It’s here. It’s changing the world. And it’s only going to become more important for all of us.
According to a recent estimate by IBM, 2.5 exabytes – 2.5×1018 bytes – of data are created every single day from sources including sensors, social media and billions of PCs, tablets, smartphones and other mobile devices. In fact, some say that 90% of the data in the world today has been created in the last couple of years.
But until very recently, only a few types of organizations – primarily multinational corporations and well-funded government agencies – could afford the hardware and software needed to even begin to collect and analyze that information and turn it into something useful. But now, the ability to store, analyze and manipulate massive datasets is within reach of the masses.
So what are people doing with Big Data – and how is it making life better for the everyday consumer, small business and entrepreneur? Let’s take a look:
Understanding and Targeting Customers
Understanding customer behaviors and preferences is one of the biggest and best-known uses of Big Data. Companies are keen to expand their traditional data sets by adding social media data and browser logs, as well as text analytics and sensor data – putting it all together to get a more complete picture of their customers.
Understanding and Optimizing Business Processes
Big data is also increasingly used to optimize business processes. Retailers, for example, optimize stock levels based on predictions generated from social media data, web search trends and weather forecasts. Geographic positioning and radio frequency identification sensors help track goods and delivery vehicles along the supply chain, and optimize delivery routes by integrating live traffic data.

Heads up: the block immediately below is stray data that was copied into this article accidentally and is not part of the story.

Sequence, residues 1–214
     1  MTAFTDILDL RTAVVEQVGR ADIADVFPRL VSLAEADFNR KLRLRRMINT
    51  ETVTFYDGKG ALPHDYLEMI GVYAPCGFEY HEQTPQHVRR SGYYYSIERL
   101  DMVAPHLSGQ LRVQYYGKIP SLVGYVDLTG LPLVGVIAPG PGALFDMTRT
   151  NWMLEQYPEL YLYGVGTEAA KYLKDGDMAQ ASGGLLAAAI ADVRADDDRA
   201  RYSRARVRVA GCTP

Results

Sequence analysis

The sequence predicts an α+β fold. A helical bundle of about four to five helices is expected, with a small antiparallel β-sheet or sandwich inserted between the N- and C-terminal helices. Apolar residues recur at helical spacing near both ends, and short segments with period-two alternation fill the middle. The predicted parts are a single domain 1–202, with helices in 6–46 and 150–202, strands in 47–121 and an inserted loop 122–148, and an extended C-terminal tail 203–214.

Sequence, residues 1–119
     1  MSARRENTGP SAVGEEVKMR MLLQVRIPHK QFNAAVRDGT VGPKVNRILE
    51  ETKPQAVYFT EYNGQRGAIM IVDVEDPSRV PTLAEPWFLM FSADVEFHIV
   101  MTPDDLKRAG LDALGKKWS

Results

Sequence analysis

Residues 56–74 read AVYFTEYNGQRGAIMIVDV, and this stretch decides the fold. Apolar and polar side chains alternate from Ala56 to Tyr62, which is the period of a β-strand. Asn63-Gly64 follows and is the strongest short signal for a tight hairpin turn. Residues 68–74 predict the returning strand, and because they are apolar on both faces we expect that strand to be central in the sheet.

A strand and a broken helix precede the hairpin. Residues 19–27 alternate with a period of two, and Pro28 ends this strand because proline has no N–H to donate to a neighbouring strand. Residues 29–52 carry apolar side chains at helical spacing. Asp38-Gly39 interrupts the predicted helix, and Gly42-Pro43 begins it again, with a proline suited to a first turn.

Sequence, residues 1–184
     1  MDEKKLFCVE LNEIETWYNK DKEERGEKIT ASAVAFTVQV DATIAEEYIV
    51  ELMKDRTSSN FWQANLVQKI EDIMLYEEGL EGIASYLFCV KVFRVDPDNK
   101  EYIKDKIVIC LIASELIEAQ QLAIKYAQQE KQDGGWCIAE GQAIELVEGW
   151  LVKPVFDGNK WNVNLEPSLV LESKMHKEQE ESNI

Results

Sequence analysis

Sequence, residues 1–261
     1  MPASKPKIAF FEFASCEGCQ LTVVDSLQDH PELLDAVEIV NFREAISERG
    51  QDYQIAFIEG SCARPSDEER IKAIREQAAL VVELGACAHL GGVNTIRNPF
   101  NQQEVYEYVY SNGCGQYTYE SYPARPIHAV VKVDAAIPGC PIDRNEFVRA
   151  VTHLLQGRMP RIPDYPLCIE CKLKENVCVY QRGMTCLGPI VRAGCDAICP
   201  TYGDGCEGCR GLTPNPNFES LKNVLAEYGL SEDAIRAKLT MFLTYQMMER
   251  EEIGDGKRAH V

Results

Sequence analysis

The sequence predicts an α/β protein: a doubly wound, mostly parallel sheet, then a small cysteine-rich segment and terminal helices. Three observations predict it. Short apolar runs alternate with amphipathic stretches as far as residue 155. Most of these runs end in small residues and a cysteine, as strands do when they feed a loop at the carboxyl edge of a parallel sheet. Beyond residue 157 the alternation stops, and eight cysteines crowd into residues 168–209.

Big Data is even helping optimize HR. Techniques like those used in the film ‘Moneyball’ optimize talent acquisition, while tools can measure company culture and staff engagement.
Improving Science and Research
Science and research is being transformed by the new possibilities big data brings. At CERN, for example, the Swiss nuclear physics lab, experiments to unlock the secrets of our universe generate huge amounts of data. CERN uses the computing powers of thousands of computers distributed across 150 data centers worldwide to analyze its data – and these data centers can be leveraged to transform so many other areas of science and research.
Improving Security and Law Enforcement
Big data is applied heavily in improving security and enabling law enforcement. Big data techniques can detect and prevent attacks, catch criminals and even predict criminal activity. Credit card companies use big data to detect fraudulent transactions.
Here are three amazing and intriguing ways big data is being used – right now – to transform businesses and organizations around the world:
1. Netflix: Millions of live streaming customers in the US and around the world generate an awful lot of data. The company knows what users watch, when they’re watching, where they’re watching and what device they’re using. It has data on when you rewind or fast-forward, when you pause and when you stop watching a show or movie entirely. And it is putting that knowledge to work in creating its own programming. When it remade the BBC series ‘House of Cards’, it correlated fans of the original to fans of actor Kevin Spacey and director David Fincher. Guess who starred in and directed the remake?
2. Lady Gaga: Troy Carter, Lady Gaga’s business manager, is a fan of big data. He mined the star’s 31 million Twitter followers and 51 million fans on Facebook to create Littlemonsters.com. A magnet for Gaga fans, the site effectively bypassed the social media networks so the artist (and her savvy management) keep 100% of future revenues.
3. The CIA: Sure, being a spy looks glamorous in the movies. But the reality? A bit more down to earth. The CIA is hiring data scientists. “We are looking for curious, creative individuals interested in serving their country through the field of data science,” reads the job posting on CIA.gov.
Whether you’re looking for the secrets of the universe, settling down with a movie or hunting down those missing missile plans, big data is your go-to tool for understanding the world. But there are some things it can’t help you with… yet.
Like where on earth you left that television remote.